Lit Up - a good title as it's very apt; light, choppy, sparkly guitars are complemented with Miki's cheery lyric "and youre; friend ... to point and to ....". A very breezy, upbeat track with lots of layers of sonic lustre.
Starlust - Wow! S much going on here; shimmering guitars jumping from the left to right stereo channel, interspersed with roughly buzzing feedback ones, leading to a clean sounding riff, then back to a chainsaw of one. All the time in the background is crisp rhythmic drumming and Miki's sweet lyric, with Emma joining her on occasions. Sheer brilliance.
When I Die - An interesting track with what sounds like a duelling of acoustic guitar and a twistingly distorted one, with Miki this time providing a breathy vocal (listen to her audibly inhaling between lines) for this lament of a lost one "when I die, I'll see you again", with violins swirling in and out. A quite beautiful and yet achingly sad ending to this great album.
TRACK LISTING / WRITER
1. "Light from a Dead Star" (Berenyi) - 3:15
2. "Kiss Chase" (Berenyi) - 3:17
3. "Blackout" (Anderson) - 3:06
4. "Hypocrite" (Berenyi) - 2:53
5. "Lovelife" (Anderson) - 3:56
6. "Desire Lines" (Anderson) - 7:37
7. "The Invisible Man" (Anderson) - 2:14
8. "Undertow" (Berenyi) - 4:57
9. "Never-Never" (Anderson) - 8:04
10. "Lit Up" (Anderson) - 4:00
11. "Starlust" (Anderson,Berenyi) - 3:22
12. "When I Die" (Anderson) - 4:17
As shoegazing fell out of fashion, so did Lush's obvious influence, although perhaps the recent raft of "nu-gaze" bands have some of their work on their mp3 players. They are probably best remembered for their later poppy, more accessable work, which was very much part of the up and coming at the time Britpop genre. Jarvis Cocker from Pulp guest appeared on the Lovelife track Ciao, which perhaps gives an indication their place in the grand scheme of things; a cult band who just missed out on making it big.
However, an odd Lush story is related to their authorised cover of The Rubinoos song "I Wanna Be Your Boyfriend" (retitled "I Wanna Be Your Girlfriend), which appears on the US release B-sides compliation "Tupelino". This was cited in a lawsuit from The Rubinoos against Avril Lavigne, whose song "Girlfriend" allegedly sounds remarkably similar to Lush's cover version!
There are various rumours about what Miki Berenyi is doing these days The most notable ones are she is an editorial assistant for the BBC, or a landscape gardener. However, in a recent development, Miki has contributed some guest vocal on the new album from Seinking Ships:
After Lush, Emma Anderson formed Sing-Sing, who continue to record and perform.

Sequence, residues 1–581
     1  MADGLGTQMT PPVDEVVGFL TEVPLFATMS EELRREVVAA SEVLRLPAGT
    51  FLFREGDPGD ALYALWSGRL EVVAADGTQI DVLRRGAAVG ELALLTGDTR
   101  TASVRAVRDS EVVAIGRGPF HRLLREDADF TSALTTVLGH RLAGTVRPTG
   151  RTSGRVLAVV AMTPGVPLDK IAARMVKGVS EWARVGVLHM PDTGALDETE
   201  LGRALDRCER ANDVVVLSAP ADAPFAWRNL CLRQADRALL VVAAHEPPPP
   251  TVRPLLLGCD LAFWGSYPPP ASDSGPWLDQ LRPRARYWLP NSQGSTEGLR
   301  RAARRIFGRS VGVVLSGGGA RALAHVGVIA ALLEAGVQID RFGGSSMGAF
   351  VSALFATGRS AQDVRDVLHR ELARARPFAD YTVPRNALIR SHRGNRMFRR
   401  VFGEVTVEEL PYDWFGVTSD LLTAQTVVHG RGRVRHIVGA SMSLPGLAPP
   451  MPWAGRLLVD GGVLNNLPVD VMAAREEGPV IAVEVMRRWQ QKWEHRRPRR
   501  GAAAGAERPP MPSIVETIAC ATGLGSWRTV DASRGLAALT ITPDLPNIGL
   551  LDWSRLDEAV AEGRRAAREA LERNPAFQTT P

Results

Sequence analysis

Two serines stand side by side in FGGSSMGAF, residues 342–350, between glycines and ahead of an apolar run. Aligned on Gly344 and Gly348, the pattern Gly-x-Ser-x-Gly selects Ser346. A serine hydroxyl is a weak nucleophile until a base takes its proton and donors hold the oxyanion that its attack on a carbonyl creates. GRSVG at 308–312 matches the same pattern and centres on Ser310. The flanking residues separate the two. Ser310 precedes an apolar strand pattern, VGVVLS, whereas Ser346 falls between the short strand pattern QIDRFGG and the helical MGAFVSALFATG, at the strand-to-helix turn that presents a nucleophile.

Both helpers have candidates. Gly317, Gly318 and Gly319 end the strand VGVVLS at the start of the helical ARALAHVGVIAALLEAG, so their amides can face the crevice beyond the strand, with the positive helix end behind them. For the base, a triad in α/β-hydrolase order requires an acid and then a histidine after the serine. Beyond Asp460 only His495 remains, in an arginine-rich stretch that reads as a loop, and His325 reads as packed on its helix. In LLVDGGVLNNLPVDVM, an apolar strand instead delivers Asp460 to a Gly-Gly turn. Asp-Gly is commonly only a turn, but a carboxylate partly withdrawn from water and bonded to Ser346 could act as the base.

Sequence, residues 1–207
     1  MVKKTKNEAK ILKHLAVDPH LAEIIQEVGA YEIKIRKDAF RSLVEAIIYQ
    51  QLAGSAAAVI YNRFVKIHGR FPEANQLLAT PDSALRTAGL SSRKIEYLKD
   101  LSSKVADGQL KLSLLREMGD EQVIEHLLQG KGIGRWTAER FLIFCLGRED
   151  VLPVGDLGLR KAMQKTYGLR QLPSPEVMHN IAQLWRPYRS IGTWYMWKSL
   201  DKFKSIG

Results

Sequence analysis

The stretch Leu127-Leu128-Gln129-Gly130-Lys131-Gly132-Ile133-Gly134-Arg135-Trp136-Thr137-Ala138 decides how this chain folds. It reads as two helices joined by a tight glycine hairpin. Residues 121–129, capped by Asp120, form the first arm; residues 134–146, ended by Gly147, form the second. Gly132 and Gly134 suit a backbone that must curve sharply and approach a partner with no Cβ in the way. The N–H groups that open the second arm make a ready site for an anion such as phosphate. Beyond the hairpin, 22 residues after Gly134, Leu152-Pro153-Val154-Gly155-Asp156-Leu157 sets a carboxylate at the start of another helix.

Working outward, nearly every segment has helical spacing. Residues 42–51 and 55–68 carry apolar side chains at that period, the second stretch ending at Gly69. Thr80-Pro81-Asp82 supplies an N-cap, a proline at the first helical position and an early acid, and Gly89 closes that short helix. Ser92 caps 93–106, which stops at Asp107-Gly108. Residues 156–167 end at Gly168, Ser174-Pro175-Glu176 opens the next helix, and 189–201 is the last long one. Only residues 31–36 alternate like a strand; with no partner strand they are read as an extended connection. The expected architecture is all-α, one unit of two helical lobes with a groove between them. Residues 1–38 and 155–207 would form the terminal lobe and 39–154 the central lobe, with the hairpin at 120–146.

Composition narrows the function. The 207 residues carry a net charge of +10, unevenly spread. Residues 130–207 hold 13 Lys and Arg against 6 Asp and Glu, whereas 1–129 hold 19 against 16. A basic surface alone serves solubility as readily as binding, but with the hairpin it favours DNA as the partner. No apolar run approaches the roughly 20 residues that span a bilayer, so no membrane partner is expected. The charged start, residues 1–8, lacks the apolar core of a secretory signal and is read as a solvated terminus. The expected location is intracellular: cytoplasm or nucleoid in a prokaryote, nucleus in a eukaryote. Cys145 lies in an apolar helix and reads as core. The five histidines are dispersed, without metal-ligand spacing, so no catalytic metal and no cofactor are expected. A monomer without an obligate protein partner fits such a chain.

Phil King freelances as a picture researcher form Uncut Magazine, and was for some time post-Lush was a member of The Jesus and Mary Chain.
Lush were probably one of the more well known bands from the shoegazing genre, and the most notable female fronted one. Ironically, they managed to rid themselves of that label just before tragedy struck. People may well remember their catchy, poppy hit "Single Girl" but in my opinion there is much more to this band than this arguably throwaway single. There was a darker, deeper and more introspective side as befits any shoegazing band, which was I reckon far more interesting and rewarding. I can understand them wanting to seek wider recognition and go more commercial in their sound, but they lost something along the way. This album was certainly less well received that their previous ones, perhaps a result of the shoegazing genre having dispersed some time earlier, which is a shame as this isn't really the archetypal shoegazing sound; they had added so much more to it by this stage.
I would recommend this album to anyone seeking a female singer/songwriter that has more to them that the teenybop skater girl facsimiles, spice girl wannabees or even angst ridden intellectual twentysomethings. This should appeal to anyone who likes loud, swirly, jangly feedback ridden guitars, overlaid with a sugary sweet female vocal. Etherial dreampop, if you will. Bored of Avryl Lavigne or Katie Nash? I didn't like them anyway and one of them has already ripped them off. Listen to this I beseech you!
Disc #1 Tracklisting
1 Light From A Dead Star
2 Kiss Chase
6 Desire Lines
7 Invisible Man
9 Never Never
10 Lit Up
12 When I Die